I happen to really like anti-reflection coatings on eyeglass lenses. All of my personal glasses have it and I recommend it to patients. But I noticed that the sales of this product were rather mediocre in our practice. Our office was at a measly 9% usage - while statistics show that 19% of glasses in the U.S. have A/R - Canada is at 40% usage, Europe is at 75% and Japan at a whopping 95%! We take pride in being a progressive office that dispenses high quality optical materials - so I decided to study this issue closer.
It occurred to me that while I love A/R coatings, not everyone does. We have all experienced a patient who just does not like the product because it shows smudges and oils and can scratch easier than non-coated lenses. Of course, these problems have been greatly reduced with newer technology, but it is still true. The percentage of people who dislike A/R is very small, however. Most people enjoy the benefits so much that after trying A/R, they continue to order it on all subsequent pairs of glasses.
So I wondered if any of my technicians who discuss lens options with our patients during frame selection happened to personally dislike A/R themselves. I know they are professionals, and that they accurately explain A/R, but do they have it on their own glasses? Do they heartily endorse it to every patient? Perhaps they are concerned that the patient may not like it - or that it costs so much - or that it takes much longer for the glasses to be ready.
After speaking with key staff members, I learned that some did not personally endorse the product. Some felt we should use a different lab for higher quality, some felt badly when a patient returned and they had to field a complaint, and some were just a little unaware of the benefits! I reviewed our policies and held a staff meeting specifically to discuss A/R coatings. Here are the main points I covered:
· A review of the benefits and the drawbacks of A/R coatingsI am happy to report that A/R coating usage immediately tripled following this meeting and is holding steady!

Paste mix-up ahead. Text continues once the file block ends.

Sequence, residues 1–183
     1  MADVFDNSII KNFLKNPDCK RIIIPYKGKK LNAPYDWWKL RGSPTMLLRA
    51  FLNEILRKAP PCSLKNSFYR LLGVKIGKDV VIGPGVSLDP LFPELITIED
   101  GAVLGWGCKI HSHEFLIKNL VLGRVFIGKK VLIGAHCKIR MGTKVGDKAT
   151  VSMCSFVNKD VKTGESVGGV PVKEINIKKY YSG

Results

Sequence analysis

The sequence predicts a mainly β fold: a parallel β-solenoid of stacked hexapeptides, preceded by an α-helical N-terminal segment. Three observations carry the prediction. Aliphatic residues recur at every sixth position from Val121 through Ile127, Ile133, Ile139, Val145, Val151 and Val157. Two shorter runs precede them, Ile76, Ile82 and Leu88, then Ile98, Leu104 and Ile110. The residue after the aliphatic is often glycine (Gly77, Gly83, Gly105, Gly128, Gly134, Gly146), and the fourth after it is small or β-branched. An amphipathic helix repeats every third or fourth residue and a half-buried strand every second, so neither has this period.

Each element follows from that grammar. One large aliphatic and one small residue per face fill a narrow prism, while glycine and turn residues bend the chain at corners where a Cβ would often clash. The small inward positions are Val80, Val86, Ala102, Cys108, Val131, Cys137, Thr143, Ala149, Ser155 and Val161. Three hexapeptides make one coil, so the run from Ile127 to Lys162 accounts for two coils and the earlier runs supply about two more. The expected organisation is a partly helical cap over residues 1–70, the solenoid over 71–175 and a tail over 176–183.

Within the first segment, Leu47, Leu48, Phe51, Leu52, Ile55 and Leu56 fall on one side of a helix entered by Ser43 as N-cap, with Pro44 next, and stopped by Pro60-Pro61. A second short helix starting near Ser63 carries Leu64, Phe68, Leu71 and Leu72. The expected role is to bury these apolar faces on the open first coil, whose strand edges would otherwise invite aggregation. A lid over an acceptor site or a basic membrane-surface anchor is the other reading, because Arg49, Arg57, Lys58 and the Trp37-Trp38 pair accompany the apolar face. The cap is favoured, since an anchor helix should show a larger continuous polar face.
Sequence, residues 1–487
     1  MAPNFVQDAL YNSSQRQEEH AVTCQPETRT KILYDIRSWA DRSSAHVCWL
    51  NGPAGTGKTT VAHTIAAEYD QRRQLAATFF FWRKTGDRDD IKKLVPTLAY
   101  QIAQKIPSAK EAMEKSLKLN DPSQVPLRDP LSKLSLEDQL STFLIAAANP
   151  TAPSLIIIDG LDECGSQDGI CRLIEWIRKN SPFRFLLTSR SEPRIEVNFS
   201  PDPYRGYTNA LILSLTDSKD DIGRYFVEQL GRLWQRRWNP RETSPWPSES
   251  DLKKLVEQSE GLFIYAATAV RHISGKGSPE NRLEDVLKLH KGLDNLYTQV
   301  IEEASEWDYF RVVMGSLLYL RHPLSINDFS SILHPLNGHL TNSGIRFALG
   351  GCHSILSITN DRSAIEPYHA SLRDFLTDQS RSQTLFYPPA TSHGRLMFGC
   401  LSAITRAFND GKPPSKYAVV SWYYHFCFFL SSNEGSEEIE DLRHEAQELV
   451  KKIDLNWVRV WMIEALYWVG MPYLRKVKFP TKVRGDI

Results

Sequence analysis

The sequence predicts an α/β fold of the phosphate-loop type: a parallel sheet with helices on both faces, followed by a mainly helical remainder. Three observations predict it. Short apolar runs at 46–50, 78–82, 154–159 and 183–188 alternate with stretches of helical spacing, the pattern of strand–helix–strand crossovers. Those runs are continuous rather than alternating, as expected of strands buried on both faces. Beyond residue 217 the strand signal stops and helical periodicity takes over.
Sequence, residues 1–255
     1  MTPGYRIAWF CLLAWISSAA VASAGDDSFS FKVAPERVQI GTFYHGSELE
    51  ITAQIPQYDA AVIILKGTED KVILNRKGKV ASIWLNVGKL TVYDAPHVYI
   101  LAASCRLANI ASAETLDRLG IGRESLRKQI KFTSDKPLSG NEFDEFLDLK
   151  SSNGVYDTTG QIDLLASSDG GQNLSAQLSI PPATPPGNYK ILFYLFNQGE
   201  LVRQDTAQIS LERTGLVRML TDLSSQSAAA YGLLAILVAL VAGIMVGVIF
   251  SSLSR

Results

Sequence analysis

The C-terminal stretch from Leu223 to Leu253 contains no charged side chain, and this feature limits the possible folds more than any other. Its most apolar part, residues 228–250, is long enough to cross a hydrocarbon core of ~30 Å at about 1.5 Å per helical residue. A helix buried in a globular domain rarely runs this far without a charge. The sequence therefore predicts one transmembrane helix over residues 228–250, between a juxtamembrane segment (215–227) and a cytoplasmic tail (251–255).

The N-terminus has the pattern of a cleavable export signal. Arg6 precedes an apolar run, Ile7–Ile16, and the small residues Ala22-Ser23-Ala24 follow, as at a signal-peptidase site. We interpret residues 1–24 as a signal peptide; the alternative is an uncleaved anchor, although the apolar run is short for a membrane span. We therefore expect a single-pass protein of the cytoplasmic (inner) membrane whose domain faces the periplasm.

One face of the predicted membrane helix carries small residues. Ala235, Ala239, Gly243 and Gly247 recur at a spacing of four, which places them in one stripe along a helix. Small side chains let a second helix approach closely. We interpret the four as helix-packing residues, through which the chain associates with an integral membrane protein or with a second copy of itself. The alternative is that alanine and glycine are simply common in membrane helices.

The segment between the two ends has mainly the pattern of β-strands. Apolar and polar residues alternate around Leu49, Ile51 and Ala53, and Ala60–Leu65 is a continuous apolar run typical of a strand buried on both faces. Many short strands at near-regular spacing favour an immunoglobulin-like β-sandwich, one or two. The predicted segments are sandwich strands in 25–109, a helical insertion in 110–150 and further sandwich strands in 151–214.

· A review of how to educate the patient about A/R
· How to not pre-judge what people will want or can afford
· A review of cleaning A/R lenses (we dispense free cloth and cleaner)
· A need for our practice to present a unified approach on products - and our approach is that we like A/R coatings
· We would start using a new lab with better quality and service
· We always guaranteed A/R against scratches and defects for one year, and we strip the coating if a patient was not satisfied, but we added a new policy. We now offer a 60-day money-back policy on all A/R coatings - removing any risk in trying it.
· The new thing is to recommend A/R on photochromic lenses! It makes them look clearer indoors and eliminates glare that can occur in the darkened state.
· You must have plenty of samples for your staff to demonstrate to patients. I like using a finished pair of glasses - one lens with an A/R coat and the other without. If the tech puts these on her own face while looking at the patient, the product is immediately understood and usually sold.
· Have staff mention that fine quality lenses - like cameras, telescopes and binoculars - all have A/R.